Jerry Nadler on His Investigation: ‘This Is Formal Impeachment Proceedings’

House Judiciary chairman Jerry Nadler, D-N.Y., makes a statement during the House Judiciary Antitrust subcommittee hearing on 'Online Platforms and Market Power', on Capitol Hill in Washington, Tuesday, June 11, 2019. (AP Photo/Cliff Owen)
AP Photo/Cliff Owen

House Judiciary Committee Chairman Jerry Nadler on Thursday insisted that his committee’s investigation into whether President Trump should be impeached is “formal impeachment proceedings” — which would be an escalation by Democrats in their efforts to impeach the president.

“This is formal impeachment proceedings,” Nadler told CNN host Erin Burnett, with emphasis on the word “is.”

“We are investigating all the evidence, gathering the evidence. And we will at the conclusion of this — hopefully by the end of the year — vote to vote articles of impeachment to the House floor. Or we won’t. That’s a decision that we’ll have to make. But that’s exactly the process we’re in right now,” he said.

Nadler announced his committee was launching the investigation days after former Special Counsel Robert Mueller testified, prompting some confusion over what his investigation was and what it would do.

He has said the committee will call in witnesses and obtain information to investigate whether the president obstructed justice in the special counsel investigation and should be impeached.

But the move is also seen as an attempt to strengthen Democrats’ hand in court when seeking access to witnesses and materials the administration says are under executive privilege.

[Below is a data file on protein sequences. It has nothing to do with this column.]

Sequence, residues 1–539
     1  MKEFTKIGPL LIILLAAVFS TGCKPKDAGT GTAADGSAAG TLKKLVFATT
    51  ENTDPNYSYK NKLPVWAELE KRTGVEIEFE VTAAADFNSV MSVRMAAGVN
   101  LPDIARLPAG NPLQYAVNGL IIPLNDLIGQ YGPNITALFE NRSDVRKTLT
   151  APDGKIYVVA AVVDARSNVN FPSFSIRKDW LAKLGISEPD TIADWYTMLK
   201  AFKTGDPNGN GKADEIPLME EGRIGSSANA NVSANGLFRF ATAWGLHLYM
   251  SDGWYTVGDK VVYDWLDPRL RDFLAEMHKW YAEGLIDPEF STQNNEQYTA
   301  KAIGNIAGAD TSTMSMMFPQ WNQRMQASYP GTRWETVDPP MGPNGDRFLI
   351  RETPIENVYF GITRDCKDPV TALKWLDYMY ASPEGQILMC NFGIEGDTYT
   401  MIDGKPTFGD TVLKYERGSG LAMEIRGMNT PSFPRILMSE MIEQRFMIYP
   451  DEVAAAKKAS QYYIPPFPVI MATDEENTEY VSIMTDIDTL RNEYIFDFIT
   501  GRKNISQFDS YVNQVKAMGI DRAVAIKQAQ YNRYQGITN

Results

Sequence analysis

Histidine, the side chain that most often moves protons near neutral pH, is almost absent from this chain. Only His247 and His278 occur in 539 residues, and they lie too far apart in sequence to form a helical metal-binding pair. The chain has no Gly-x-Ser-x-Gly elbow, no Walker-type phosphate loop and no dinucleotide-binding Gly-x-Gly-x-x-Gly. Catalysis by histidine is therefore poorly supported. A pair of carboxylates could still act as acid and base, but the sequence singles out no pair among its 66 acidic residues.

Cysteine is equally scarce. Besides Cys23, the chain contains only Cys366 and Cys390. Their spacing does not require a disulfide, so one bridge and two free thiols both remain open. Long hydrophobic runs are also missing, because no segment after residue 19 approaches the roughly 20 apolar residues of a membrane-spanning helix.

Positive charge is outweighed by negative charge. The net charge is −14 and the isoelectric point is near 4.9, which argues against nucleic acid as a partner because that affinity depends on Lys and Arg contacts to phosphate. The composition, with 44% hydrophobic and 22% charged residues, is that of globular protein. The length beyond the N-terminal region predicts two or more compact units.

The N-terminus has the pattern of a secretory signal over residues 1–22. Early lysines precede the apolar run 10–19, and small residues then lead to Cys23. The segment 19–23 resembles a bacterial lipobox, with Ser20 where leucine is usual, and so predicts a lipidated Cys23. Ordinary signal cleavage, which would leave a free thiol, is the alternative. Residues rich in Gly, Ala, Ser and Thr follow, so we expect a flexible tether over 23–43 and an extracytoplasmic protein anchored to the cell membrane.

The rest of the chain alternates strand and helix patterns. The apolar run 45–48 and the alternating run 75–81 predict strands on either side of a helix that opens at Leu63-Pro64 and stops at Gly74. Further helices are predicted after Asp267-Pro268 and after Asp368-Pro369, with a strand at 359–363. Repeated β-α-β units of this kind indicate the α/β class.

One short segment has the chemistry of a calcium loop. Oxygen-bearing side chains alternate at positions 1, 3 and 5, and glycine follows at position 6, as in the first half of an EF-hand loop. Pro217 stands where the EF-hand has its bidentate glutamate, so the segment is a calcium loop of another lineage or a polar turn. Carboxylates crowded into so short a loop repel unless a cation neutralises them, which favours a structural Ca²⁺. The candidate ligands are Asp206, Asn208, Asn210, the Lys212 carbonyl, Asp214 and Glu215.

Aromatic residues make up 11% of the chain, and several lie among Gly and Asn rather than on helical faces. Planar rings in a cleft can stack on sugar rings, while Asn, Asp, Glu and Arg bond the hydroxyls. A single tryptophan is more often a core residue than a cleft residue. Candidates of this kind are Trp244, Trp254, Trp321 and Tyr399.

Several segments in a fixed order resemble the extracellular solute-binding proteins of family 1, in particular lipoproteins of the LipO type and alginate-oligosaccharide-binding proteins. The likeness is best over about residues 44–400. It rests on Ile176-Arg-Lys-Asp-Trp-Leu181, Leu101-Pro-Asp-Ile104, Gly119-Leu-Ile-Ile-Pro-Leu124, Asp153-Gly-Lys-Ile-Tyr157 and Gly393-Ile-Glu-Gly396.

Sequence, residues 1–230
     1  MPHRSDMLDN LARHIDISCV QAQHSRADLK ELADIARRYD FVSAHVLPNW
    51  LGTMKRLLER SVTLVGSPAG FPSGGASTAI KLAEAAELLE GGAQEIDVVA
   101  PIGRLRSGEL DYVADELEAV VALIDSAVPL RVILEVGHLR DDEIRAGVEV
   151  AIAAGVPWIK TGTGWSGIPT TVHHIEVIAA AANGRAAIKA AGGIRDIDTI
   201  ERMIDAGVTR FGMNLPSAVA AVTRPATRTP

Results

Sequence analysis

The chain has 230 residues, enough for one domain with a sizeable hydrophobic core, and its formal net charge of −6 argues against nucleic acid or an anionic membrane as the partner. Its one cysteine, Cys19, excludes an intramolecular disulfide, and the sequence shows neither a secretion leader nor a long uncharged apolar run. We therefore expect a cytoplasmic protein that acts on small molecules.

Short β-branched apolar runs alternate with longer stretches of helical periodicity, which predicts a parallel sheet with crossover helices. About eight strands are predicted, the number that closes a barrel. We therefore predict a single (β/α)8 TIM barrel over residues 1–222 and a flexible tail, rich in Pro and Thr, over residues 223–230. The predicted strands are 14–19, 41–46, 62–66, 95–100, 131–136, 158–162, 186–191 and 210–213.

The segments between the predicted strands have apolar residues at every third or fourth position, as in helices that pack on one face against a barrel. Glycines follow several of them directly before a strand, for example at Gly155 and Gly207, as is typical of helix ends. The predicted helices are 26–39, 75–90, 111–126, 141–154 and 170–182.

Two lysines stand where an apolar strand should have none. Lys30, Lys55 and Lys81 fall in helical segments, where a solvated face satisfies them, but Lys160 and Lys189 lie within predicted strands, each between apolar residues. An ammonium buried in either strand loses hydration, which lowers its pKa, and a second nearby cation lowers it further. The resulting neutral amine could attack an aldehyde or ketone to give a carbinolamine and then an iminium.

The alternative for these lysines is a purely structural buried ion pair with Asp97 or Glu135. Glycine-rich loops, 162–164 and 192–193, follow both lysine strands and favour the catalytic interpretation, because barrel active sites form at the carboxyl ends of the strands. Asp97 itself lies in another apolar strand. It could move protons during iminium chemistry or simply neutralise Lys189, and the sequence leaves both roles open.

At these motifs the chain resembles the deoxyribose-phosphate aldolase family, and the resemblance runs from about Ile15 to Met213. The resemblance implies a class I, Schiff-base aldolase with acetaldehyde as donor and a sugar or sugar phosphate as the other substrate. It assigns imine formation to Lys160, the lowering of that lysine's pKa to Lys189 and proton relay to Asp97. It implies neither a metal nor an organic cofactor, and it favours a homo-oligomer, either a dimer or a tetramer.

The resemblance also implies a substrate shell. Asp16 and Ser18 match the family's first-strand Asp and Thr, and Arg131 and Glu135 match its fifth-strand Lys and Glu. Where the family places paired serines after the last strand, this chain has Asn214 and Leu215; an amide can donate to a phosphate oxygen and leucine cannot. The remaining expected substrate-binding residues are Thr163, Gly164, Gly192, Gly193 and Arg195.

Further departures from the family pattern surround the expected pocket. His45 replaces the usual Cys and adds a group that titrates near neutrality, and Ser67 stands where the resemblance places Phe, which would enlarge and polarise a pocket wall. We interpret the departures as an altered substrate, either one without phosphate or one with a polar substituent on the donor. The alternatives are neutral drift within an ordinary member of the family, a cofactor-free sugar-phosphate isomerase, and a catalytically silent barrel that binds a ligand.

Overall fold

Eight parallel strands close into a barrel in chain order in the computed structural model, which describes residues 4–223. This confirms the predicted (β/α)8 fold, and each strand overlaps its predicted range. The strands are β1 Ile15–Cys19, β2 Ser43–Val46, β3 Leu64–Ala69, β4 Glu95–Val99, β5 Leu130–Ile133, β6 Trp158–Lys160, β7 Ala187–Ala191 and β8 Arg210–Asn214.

For example, the committee has subpoenaed former White House General Counsel Don McGahn to appear before it, but the White House has directed McGahn not to appear, arguing he is under executive privilege and there is no legislative purpose to his testifying. Democrats could now point to the investigation and claim there is a legislative purpose.

However, confusion has stemmed from whether the move can be considered actual impeachment proceedings, since those typically begin when the House passes a resolution authorizing an impeachment inquiry. So far, the House has not done so, and a vote last month on impeachment failed, 95-332, with one Democrat voting present.

Although two dozen more Democrats have joined the call for impeachment after Mueller’s testimony, they are still 98 more votes away from authorizing articles of impeachment.

House leadership has opposed passing articles of impeachment, since the country is deeply divided on the issue, and it could distract from other messages Democrats want to run on in 2020. It also backfired on Republicans in 1998 when they impeached former President Bill Clinton.

Pelosi has tried to walk the line between preventing actual impeachment proceedings — which is unpopular among about half of Americans, but appeasing the progressive base calling for impeachment.

Nadler has argued that Pelosi personally signing off on a recent court filing for McGahn’s testimony and others seeking documents amounts to her blessing in his launching impeachment proceedings.

“We could not have filed the lawsuits without her,” he said. “She is cooperating with the committee’s investigation.”

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